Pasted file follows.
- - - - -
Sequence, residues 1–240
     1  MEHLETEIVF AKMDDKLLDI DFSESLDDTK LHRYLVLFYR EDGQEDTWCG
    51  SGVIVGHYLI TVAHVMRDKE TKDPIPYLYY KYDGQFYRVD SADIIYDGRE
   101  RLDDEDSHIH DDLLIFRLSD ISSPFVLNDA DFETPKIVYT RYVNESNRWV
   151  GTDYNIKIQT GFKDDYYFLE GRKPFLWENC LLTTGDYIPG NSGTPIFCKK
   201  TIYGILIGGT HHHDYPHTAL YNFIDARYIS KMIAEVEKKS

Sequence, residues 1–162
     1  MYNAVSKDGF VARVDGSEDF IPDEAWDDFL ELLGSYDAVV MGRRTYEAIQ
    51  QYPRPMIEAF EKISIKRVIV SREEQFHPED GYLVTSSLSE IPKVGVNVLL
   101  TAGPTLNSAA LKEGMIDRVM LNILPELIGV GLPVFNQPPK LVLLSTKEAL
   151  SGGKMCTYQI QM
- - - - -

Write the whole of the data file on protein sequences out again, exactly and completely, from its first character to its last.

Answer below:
Sequence, residues 1–240
     1  MEHLETEIVF AKMDDKLLDI DFSESLDDTK LHRYLVLFYR EDGQEDTWCG
    51  SGVIVGHYLI TVAHVMRDKE TKDPIPYLYY KYDGQFYRVD SADIIYDGRE
   101  RLDDEDSHIH DDLLIFRLSD ISSPFVLNDA DFETPKIVYT RYVNESNRWV
   151  GTDYNIKIQT GFKDDYYFLE GRKPFLWENC LLTTGDYIPG NSGTPIFCKK
   201  TIYGILIGGT HHHDYPHTAL YNFIDARYIS KMIAEVEKKS

Sequence, residues 1–162
     1  MYNAVSKDGF VARVDGSEDF IPDEAWDDFL ELLGSYDAVV MGRRTYEAIQ
    51  QYPRPMIEAF EKISIKRVIV SREEQFHPED GYLVTSSLSE IPKVGVNVLL
   101  TAGPTLNSAA LKEGMIDRVM LNILPELIGV GLPVFNQPPK LVLLSTKEAL
   151  SGGKMCTYQI QM